About this entry

misere et cordes | au ni kita

potlatch101.jpg

Misere et Cordes

Au Ni Kita
Potlatch: P101

Pascal Battus: surrounded guitar
Emmanuel Petit: acoustic guitar
Dominique Répécaud: electric guitar
Camel Zekri: classical guitar & electronics

Recorded by François Dietz at CCAM, Vandœuvre on September 29th & 30th 1999.

If among the instruments of free improvisation the saxophone is still the king, the guitar is surely its impatient prince. It’s an instrument which lends itself to preparation, modification, manipulation and other sorts of abuse; it attracts disaffected rockers, folk musicians and punks like the sax draws jazzers. As a result, guitar-driven projects like those represented on these three disks are often quite different in flavour from reed-based ones.

Misere et Cordes (not the best band name of all time, but no matter) are a quartet which aims to encompass the whole range of the instrument: classical, acoustic, electric and “surrounded”. One assumes (and this is only an assumption) that the latter is either heavily modified or played flat on a tabletop with a variety of instruments; either way, the sounds this conjures up are the sounds of the album as a whole.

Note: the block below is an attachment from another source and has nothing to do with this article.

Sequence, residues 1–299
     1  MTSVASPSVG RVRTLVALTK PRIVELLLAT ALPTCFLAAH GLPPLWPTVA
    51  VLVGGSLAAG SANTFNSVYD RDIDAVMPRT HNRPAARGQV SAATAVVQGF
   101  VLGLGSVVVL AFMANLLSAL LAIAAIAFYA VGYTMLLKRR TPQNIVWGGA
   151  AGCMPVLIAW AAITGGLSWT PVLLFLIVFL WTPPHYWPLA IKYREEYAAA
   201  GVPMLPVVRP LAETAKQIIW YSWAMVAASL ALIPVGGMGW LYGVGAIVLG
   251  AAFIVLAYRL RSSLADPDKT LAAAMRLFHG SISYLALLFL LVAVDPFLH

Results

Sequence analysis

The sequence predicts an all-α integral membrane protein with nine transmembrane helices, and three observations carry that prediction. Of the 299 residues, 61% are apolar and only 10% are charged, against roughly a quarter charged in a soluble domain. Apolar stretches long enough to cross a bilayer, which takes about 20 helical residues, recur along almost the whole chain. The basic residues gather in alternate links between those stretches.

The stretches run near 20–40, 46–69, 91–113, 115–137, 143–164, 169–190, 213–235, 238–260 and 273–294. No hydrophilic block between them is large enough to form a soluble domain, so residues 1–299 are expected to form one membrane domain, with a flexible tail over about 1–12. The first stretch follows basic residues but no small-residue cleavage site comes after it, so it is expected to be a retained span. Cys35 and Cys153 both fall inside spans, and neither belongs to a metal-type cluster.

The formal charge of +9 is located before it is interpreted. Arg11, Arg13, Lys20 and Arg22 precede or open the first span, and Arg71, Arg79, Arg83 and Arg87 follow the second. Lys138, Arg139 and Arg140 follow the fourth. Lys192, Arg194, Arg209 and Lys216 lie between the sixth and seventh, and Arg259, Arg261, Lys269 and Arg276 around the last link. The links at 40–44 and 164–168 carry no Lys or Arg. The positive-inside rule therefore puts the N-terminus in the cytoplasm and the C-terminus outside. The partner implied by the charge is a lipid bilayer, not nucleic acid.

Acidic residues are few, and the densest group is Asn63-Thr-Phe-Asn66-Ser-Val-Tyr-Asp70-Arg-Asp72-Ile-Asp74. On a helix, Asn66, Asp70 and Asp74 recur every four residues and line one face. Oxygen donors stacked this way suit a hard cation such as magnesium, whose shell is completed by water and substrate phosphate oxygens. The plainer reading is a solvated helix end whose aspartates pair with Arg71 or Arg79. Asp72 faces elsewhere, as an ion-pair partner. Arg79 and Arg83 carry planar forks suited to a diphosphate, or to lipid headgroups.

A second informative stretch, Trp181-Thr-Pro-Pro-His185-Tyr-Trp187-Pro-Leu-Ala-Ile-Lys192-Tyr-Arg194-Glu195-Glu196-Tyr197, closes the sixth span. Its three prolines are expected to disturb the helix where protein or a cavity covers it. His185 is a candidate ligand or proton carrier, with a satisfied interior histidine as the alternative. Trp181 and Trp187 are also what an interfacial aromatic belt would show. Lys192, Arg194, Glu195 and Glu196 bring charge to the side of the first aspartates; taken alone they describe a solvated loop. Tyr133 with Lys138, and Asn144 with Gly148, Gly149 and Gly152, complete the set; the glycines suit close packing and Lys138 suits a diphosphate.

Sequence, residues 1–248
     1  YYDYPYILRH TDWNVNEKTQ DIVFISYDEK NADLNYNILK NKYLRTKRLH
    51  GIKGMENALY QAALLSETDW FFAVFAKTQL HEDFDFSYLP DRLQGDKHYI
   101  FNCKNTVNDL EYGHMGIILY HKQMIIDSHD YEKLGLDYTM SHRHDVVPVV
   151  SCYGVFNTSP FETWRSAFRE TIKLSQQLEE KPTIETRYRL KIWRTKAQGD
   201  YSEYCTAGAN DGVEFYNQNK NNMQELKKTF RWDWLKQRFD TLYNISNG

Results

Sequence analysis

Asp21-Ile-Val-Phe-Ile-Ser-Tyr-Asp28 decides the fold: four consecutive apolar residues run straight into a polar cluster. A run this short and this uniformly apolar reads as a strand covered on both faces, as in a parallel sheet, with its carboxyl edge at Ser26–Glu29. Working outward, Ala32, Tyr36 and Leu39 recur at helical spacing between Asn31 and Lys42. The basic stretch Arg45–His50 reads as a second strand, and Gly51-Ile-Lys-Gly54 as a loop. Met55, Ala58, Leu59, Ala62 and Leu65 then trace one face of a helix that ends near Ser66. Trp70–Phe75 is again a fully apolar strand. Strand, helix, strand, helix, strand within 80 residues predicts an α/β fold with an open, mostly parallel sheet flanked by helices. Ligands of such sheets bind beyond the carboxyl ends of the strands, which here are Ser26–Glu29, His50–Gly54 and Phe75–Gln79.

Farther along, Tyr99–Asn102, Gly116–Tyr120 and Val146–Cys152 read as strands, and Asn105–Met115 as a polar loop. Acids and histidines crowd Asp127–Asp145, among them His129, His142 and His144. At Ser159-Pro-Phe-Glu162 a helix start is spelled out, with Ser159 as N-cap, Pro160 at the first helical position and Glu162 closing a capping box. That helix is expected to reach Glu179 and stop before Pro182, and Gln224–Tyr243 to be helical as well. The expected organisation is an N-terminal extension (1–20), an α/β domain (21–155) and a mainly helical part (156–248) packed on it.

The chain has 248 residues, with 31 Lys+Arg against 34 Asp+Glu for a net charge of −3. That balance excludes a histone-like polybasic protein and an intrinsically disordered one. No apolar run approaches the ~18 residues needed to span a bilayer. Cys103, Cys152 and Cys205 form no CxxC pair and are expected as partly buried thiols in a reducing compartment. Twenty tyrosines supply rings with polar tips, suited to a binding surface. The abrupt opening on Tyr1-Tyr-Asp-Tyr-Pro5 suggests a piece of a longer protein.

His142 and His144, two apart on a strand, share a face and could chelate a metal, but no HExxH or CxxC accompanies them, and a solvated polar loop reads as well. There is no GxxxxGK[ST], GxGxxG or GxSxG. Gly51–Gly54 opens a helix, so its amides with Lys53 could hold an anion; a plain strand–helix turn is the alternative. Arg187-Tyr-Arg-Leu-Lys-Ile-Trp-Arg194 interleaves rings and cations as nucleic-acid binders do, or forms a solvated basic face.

These are guitars as sound-sources and, although there is (as there always is) some conventional technique lurking under the surface, there are few notes or chords and certainly none which function as such. Zekri adds some rudimentary electronics into the mix, but otherwise the sound is dominated by the now-familiar clicks, bangs, clanks, scrapes, squeaks and rattles of this vocabulary.

The pieces, as you might expect, are pretty formless. There are good bits — the second half of “Argyl”, for example, pits the guitarists very sparsely against either Zekri’s electronics or Repecaud’s electric guitar — but there are also those inevitable bits which have you wondering where they’re going. Fans of this percussive, tactile style of guitar-playing will find things to enjoy here, although it probably won’t win any converts. This writer would have preferred a more textured approach, with more disciplined deployments of light and shade. Lovers of the noisier, less organised end of improv will like it better, and there are undoubted high points. Richard Cochrane